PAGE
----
9 Tips To Maintain Vaginal Health – OB/GYN’s Advice

Although you might worry about maintaining a clean and healthy vagina, you really aren’t required to put in that much effort. The reproductive system that helps you get pregnant, have sex, give birth, and menstruate is a strong, self cleansing organ in your body.

Even though you might always be concerned that your vagina stays clean and healthy, you have very little to worry about. Here are some OB/GYN tips on what to do and what things to avoid.

Difference Between your Vulva and Vagina

Many people mention the “vagina” when having conversations about their genitals like their vulva. But there is a difference.

The vagina is the birth pathway, leading to the cervix. The vulva is located outside the genital area. This is the visible area such as your labia, urethra, and clitoris.

It is vital to understand the distinction that exists between the vagina and vulva as a result of the difference that exists between the cellular composition of both parts, such as the specific diseases that affect the vulva and vagina.

How to Keep your Vulva and Vagina Healthy

Here are tips on how to ensure the health of your vagina:

Healthy Lifestyle 

Consume the right diet, watch your weight and work out regularly. On the other hand, your private organs can be exposed to danger by chronic conditions. For instance, poorly treated or untreated diabetes can expose you to urinary tract infections(UTIs) and Yeast Infections.

Get Regular Exams

Be up to date with regular health examinations and visit your gynecologist regularly for checkups.

Use Condoms

Protecting yourself against sexually transmitted diseases such as chlamydia, gonorrhea, herpes, HIV, and syphilis, in addition to unexpected pregnancies, is very crucial. Other protective options are available if you have a partner that is allergic to condoms.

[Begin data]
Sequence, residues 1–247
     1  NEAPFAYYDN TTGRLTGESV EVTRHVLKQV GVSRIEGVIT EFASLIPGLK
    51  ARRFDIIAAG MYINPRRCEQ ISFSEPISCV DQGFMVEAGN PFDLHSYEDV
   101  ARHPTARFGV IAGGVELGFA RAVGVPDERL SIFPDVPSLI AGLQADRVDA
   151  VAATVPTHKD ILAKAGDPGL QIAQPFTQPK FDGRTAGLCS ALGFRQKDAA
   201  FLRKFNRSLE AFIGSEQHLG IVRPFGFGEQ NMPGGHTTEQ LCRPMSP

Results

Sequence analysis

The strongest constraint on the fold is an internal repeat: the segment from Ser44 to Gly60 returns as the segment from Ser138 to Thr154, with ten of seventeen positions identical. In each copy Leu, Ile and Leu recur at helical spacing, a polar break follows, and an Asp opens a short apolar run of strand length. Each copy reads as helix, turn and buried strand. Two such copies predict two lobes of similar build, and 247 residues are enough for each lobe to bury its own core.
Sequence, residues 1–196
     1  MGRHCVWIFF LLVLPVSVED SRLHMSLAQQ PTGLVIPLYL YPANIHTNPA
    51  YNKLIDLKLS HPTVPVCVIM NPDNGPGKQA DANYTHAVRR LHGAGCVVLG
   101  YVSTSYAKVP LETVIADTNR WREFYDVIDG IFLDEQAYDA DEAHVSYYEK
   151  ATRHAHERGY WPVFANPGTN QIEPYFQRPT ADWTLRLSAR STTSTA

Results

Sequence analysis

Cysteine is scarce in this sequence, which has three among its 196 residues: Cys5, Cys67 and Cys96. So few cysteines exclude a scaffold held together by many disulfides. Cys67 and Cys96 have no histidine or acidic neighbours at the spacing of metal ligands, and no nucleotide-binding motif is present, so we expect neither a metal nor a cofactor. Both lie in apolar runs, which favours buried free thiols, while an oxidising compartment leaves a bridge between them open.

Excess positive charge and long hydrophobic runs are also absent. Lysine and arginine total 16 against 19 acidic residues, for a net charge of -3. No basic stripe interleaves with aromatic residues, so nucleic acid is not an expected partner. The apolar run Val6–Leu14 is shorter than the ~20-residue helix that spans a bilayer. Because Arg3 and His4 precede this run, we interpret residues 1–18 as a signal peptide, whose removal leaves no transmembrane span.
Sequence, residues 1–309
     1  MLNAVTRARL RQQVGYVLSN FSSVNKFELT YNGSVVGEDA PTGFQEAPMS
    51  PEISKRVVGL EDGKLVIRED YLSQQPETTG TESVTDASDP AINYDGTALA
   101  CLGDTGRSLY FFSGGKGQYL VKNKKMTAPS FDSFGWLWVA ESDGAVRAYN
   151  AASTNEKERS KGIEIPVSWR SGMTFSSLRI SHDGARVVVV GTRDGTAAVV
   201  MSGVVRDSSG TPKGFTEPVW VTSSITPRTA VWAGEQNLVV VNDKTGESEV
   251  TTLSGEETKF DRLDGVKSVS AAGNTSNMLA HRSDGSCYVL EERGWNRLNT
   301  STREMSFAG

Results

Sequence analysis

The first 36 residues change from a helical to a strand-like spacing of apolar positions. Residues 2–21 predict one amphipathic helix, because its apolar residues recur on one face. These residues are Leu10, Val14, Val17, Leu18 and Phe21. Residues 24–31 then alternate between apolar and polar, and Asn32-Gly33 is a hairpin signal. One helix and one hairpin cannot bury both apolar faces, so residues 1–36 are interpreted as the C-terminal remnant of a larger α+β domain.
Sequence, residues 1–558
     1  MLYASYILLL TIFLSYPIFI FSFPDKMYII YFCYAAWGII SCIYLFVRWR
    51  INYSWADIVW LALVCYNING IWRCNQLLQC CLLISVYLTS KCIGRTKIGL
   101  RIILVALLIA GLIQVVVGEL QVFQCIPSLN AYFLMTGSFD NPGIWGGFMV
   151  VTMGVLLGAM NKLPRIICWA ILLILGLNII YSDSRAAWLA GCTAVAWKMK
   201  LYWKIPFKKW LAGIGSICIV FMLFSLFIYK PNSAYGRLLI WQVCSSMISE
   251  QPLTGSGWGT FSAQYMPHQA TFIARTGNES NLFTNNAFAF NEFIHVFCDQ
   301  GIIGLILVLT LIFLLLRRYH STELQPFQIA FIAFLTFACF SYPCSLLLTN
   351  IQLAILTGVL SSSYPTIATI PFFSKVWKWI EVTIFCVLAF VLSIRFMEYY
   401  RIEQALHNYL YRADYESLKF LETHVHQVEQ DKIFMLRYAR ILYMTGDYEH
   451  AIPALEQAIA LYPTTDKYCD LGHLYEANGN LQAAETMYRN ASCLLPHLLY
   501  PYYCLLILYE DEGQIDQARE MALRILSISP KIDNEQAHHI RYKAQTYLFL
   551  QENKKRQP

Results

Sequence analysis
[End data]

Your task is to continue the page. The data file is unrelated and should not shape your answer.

Use Water Only

The vagina is naturally self-cleaning. This natural process can be disrupted by using irritable chemicals, douching, or prepackaged wipes. A mild soap is enough, if you must.  The majority of items that claim to make you smell or feel better are unsupported by science and can result in other issues.

Avoid Preparing for your OB/GYN appointment

Preparing or indulging your privates before your appointment is not required

Explore Natural Lubricants

For individuals with delicate skin or different allergies, you can consider vaginal moisturizers and lubricants like olive oil and coconut oil. Water-based lubricants or silicones are other options to consider.  Silicone or water-based lubricants are also a good option for individuals using a condom.

Pay Attention to Postmenopausal Bleeding

Postmenopausal bleeding is vaginal bleeding that occurs one or more years after your last menstrual cycle. Cancer, vaginal dryness, polyps (noncancerous growth), and other alterations in your reproductive organ can cause postmenopausal bleeding.

Incontinence or prolapse might not be dangerous

The pelvis provides support for the rectum, vagina, bladder, and uterus. Remember that childbirth and aging can prolapse the pelvic organ with time. Bladder leakage or urinary incontinence can also cause this condition. After diagnosis, you can decide to treat these conditions if they become worrisome, but it is optional even though your gynecologist might point them out during checkups.  This condition can also be alleviated by engaging in pelvic floor exercises, such as Kegels.

Vaginal Estrogen

When experiencing menopause, a vaginal estrogen that can be either inserted, available as a cream, capsule or tablet, is another option to consider.

Even though your vagina is a healthy and self-cleaning organ, visit your medical practitioner if you discover any of these conditions:

  • Pain when having sex
  • A change in odor, color or the volume of the vaginal discharge
  • Bleeding from the vagina during menstruation, after menopause, or sex
  • Itching or redness of the vagina
  • A bulge or mass